Movie review by Neil Sadler
Starring: Rachel McAdams, Harrison Ford, Diane Keaton, Patrick Wilson, Jeff Goldblum, 50 Cent, Patti D’Arbanville, Alice Callahan
Director: Roger Michell
It’s unfortunate that the fictional TV station in MORNING GLORY (IBS) has the same name as a condition that gives you uncomfortable bloating and wind, unfortunate unless you are a film critic, of course, where it will make for lots of easy comparisons. But I am pleased to report that the bloating here is minor and the wind not that uncomfortable and generally followed by laughter.
MORNING GLORY tells the story of Becky. Fired from her producing job at a New Jersey morning show, she talks her way into an unsuccessful New York breakfast show and determines against the odds to make it a hit. With clashes of ego and bitchy rivalry, it comes as little surprise that this story is from the same writer as THE DEVIL WEARS PRADA. Like that great film this is the tale of a young girl entering a cutthroat industry finding her strength and love.
It would be wrong to spend too long comparing these films as they are different enough to take MORNING GLORY on it’s own merits, but unfortunately it is impossible not to look at the similarities.
Rachel MacAdams makes an engaging lead and a believable producer, the right mix of energy, creativity and ordered chaos, she is instantly likeable and acts as the emotional touchstone of the film.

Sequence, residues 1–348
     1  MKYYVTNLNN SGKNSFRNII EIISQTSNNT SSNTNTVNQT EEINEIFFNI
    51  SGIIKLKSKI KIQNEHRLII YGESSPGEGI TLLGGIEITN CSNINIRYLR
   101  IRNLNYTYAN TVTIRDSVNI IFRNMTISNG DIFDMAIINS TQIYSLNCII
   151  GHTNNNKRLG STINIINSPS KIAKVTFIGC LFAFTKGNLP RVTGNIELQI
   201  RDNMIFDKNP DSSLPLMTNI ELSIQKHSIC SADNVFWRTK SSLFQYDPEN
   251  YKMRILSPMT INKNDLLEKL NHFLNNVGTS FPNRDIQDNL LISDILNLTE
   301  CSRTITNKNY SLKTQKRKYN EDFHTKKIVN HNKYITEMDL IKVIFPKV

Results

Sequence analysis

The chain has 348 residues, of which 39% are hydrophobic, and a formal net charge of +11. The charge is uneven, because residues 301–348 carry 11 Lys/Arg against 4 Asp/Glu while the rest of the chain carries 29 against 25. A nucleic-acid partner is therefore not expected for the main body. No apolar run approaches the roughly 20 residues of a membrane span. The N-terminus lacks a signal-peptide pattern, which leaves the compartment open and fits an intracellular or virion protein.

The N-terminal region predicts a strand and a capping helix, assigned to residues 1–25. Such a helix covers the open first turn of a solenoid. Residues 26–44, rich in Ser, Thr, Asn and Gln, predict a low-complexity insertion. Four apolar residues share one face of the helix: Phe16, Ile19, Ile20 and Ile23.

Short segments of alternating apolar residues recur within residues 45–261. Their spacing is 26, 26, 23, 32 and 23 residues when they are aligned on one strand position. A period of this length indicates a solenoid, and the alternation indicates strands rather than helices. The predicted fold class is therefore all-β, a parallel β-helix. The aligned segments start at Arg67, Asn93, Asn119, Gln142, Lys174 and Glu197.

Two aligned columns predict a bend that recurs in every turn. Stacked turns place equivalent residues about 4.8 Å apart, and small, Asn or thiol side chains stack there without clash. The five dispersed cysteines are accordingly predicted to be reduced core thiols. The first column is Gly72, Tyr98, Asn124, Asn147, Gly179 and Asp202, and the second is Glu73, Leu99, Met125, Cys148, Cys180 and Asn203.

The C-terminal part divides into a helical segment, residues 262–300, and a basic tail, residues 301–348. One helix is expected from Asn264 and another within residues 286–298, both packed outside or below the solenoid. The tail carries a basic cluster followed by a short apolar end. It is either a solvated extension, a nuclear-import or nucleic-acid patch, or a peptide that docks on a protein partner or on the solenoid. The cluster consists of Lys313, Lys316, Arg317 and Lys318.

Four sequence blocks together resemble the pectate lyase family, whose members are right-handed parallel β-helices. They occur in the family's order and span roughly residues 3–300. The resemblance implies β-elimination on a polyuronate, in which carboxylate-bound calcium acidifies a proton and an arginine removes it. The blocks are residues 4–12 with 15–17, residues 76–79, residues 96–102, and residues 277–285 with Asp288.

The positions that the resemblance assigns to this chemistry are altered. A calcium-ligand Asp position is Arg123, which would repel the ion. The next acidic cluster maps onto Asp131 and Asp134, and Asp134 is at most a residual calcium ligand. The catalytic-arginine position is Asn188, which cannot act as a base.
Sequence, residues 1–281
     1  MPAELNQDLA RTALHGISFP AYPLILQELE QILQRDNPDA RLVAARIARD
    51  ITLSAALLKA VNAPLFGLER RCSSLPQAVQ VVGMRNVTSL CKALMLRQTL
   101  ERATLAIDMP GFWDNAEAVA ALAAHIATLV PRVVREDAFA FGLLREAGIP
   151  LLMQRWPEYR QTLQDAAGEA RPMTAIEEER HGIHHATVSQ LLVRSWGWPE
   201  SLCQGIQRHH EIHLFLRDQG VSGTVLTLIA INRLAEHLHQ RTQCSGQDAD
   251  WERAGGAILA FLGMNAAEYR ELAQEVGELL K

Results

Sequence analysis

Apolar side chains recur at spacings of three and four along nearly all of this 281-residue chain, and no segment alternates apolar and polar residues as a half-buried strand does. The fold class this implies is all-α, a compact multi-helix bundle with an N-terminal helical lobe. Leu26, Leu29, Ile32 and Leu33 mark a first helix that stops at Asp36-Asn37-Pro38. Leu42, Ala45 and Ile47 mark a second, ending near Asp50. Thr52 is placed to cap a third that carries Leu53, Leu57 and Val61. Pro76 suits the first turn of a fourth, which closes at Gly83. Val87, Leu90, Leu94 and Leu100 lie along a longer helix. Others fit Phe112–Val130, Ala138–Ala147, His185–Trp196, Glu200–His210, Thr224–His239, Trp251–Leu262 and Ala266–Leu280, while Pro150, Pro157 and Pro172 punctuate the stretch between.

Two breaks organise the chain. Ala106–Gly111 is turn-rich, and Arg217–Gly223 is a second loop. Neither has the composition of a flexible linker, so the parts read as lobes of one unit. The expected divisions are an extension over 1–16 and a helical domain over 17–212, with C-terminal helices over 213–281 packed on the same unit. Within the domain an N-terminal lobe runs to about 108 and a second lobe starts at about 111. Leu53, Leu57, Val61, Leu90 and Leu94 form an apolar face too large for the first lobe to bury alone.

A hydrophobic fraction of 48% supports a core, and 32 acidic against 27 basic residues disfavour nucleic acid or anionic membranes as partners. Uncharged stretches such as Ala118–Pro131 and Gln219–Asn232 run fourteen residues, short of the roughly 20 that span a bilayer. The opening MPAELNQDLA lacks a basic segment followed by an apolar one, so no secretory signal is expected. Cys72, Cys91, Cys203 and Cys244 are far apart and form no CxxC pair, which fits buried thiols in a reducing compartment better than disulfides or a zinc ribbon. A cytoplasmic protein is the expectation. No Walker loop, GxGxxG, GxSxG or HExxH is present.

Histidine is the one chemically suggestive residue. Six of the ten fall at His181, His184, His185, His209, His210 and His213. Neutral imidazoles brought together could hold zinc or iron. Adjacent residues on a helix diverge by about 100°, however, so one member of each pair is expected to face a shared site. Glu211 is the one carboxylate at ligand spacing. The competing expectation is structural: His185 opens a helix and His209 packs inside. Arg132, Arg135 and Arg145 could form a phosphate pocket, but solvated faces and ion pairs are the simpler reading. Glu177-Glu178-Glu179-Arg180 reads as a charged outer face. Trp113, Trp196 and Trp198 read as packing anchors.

Diane Keaton is the battle-axe anchor she must deal with but unlike PRADA, Keaton’s role is actually quite minor, as the real person Becky must pit her wits against is Harrison Ford as Mike Pomeroy. A hardened serious journalist, Becky blackmails him into co-anchoring on a format of show that is everything he hates about journalism, all celebrity gossip and cute old people! Ford, really looking his age, is the right mix of cantankerous, intelligent and charming. He is the true heart of the film in the way that Streep was in PRADA.
Like that film, the love interest, Patrick Wilson is a bit forgettable, but both he, Jeff Goldblum and John Pankow provide strong and classy support to what is a classy and funny film that doesn’t insult your intelligence. MORNING GLORY is often unpredictable, but even when it follows the rules it does so with confidence. Director Roger Mitchell is best known for NOTTING HILL but I found this film much more evenly paced and less bloated.
So MORNING GLORY makes an enjoyable confection, but unfortunately doesn’t have quite the gravitas that PRADA did. Ford is good and has great comic ability as we saw in WORKING GIRL, but he lacks the ability to completely consume himself in a character the way Meryl Streep has. You never quite forget that you are watching Harrison Ford. The characters and story are likeable and believable but like breakfast TV itself, you’ll have forgotten it by lunchtime.